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Re: Interesting problem looking for a solution.

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  • Subject: [mg122043] Re: Interesting problem looking for a solution.
  • From: Murray Eisenberg <murray at>
  • Date: Mon, 10 Oct 2011 04:28:27 -0400 (EDT)
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  • Reply-to: murray at

I used just such a method in several courses some years ago, including 
linear algebra and discrete math. Some of that was described in a 
presentation I gave at the 1998 Mathematica Conference in Chicago.


1. You write a Mathematica package, let's call it prep.m, that prepares 
the data -- in your case, that somehow randomly creates the function f 
(selecting randomly from a list of function types, for that type 
selecting from values for various parameters), and then creates the 
graph and writes it to the evaluation notebook.

More about prep.m in a moment.

2. You prepare a notebook, let's call it problem.nb, in which the 
package prep.m is called by a Get.

3. You distribute both prep.m and problem.nb to the students.

3. The student evaluates the Get cell in problem.nb (or you make the Get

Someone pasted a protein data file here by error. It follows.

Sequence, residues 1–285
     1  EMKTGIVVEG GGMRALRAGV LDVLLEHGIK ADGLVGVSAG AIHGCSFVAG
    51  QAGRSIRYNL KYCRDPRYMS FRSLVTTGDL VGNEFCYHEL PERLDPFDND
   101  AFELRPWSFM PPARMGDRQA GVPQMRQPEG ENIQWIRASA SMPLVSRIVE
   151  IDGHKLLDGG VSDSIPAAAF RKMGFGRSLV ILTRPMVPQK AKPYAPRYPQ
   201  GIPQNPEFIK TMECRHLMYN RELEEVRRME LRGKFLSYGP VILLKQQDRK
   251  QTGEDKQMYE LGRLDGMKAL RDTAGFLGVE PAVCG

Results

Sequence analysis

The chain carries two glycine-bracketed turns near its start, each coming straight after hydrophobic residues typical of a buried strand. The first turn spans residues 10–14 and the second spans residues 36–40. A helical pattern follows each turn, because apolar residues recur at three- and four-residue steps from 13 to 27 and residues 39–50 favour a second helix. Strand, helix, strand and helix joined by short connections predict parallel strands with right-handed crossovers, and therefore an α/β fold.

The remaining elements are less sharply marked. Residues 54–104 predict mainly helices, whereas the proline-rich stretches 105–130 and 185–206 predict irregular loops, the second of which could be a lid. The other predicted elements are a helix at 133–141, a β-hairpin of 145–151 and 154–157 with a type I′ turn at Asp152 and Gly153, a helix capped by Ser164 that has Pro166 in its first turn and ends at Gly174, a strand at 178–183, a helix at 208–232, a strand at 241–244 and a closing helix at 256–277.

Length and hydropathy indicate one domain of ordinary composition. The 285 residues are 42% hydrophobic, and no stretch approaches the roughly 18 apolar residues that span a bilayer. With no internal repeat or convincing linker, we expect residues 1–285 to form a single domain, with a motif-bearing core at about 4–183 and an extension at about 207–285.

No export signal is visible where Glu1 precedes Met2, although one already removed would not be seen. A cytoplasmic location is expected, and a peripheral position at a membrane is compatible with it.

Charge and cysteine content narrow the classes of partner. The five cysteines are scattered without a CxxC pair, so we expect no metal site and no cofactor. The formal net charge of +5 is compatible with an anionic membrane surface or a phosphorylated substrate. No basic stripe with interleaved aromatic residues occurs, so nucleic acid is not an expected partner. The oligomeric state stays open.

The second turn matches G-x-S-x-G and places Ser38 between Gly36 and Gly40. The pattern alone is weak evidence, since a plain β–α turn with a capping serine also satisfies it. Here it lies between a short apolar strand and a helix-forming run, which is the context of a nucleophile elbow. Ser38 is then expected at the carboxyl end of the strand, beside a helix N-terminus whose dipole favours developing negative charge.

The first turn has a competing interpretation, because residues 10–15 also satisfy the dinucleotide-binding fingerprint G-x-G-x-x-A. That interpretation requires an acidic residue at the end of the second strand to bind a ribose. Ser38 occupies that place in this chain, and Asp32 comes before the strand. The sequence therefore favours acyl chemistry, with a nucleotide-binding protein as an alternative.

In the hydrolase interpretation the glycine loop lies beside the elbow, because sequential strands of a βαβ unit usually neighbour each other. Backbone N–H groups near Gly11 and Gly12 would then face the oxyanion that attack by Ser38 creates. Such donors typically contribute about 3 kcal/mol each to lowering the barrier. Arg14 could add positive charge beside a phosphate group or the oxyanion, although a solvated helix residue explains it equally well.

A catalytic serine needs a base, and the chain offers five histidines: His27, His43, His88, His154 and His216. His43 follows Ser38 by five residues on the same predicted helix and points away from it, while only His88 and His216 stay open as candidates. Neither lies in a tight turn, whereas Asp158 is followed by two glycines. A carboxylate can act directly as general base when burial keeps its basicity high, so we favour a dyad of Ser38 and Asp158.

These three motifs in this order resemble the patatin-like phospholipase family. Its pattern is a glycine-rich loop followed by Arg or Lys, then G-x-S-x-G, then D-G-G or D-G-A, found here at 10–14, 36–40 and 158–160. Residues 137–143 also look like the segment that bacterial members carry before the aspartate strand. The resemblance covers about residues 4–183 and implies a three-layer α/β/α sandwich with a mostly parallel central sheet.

cell an initialization cell). When Get is called, it writes the randomly 
created output to the notebook problem.nb.

Now to deal with the issue of keeping the data generation method secret:

In the package, you need to do all the work inside a context that, at 
the end of the package, gets deleted from $ContextPath and $Packages 
lists; Remove various stuff defined along the way.

And finally, after you're sure it all works, encrypt the package via Encode.

(I don't recall whether you need to run Encode on the same platform as 
the target platform students will be using.)

If you wish, you can even do such fancier things as condition the 
package's random choices upon, say the student's name: in problem.nb, 
the student types her name into a global variable, to which prep.m will 
therefore have access.

On 10/9/11 3:52 AM, Church, Gary wrote:
> Hello,
> I have an (I think) interesting problem for you Mathematica gurus.
> I'm trying to create a worksheet for my students and want to be able to display the plot of a randomly generated function f[x], without them being able to access the expression which defines f; In other words, I don't want them to be able to evaluate f[x].
> The idea is that each student will get a different function f[x] and will see a different graph and they have to determine the expression which defines f. They then have to plot the function they think is f against the actual function f[x] and turn in the two plots (or the one plot with the two graphs.)
> Is this possible?
> Thanks much,
> Gary

Murray Eisenberg                     murray at
Mathematics & Statistics Dept.
Lederle Graduate Research Tower      phone 413 549-1020 (H)
University of Massachusetts                413 545-2859 (W)
710 North Pleasant Street            fax   413 545-1801
Amherst, MA 01003-9305

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